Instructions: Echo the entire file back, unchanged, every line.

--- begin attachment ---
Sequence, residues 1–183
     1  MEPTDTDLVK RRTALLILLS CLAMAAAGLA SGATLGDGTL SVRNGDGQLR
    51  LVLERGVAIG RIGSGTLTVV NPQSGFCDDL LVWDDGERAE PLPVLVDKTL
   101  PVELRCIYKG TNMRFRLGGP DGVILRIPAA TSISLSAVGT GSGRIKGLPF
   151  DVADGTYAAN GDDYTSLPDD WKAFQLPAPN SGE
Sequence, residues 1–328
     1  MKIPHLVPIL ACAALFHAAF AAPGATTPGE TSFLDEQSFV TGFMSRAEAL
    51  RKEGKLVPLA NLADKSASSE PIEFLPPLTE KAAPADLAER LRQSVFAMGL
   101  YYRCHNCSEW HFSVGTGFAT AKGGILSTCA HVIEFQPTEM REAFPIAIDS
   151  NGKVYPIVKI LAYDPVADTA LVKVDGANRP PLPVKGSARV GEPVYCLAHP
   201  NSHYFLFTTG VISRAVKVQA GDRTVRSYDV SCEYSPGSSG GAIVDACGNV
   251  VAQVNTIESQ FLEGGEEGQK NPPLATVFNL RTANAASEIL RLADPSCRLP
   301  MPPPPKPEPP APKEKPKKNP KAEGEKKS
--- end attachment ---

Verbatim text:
Sequence, residues 1–183
     1  MEPTDTDLVK RRTALLILLS CLAMAAAGLA SGATLGDGTL SVRNGDGQLR
    51  LVLERGVAIG RIGSGTLTVV NPQSGFCDDL LVWDDGERAE PLPVLVDKTL
   101  PVELRCIYKG TNMRFRLGGP DGVILRIPAA TSISLSAVGT GSGRIKGLPF
   151  DVADGTYAAN GDDYTSLPDD WKAFQLPAPN SGE
Sequence, residues 1–328
     1  MKIPHLVPIL ACAALFHAAF AAPGATTPGE TSFLDEQSFV TGFMSRAEAL
    51  RKEGKLVPLA NLADKSASSE PIEFLPPLTE KAAPADLAER LRQSVFAMGL
   101  YYRCHNCSEW HFSVGTGFAT AKGGILSTCA HVIEFQPTEM REAFPIAIDS
   151  NGKVYPIVKI LAYDPVADTA LVKVDGANRP PLPVKGSARV GEPVYCLAHP
   201  NSHYFLFTTG VISRAVKVQA GDRTVRSYDV SCEYSPGSSG GAIVDACGNV
   251  VAQVNTIESQ FLEGGEEGQK NPPLATVFNL RTANAASEIL RLADPSCRLP
   301  MPPPPKPEPP APKEKPKKNP KAEGEKKS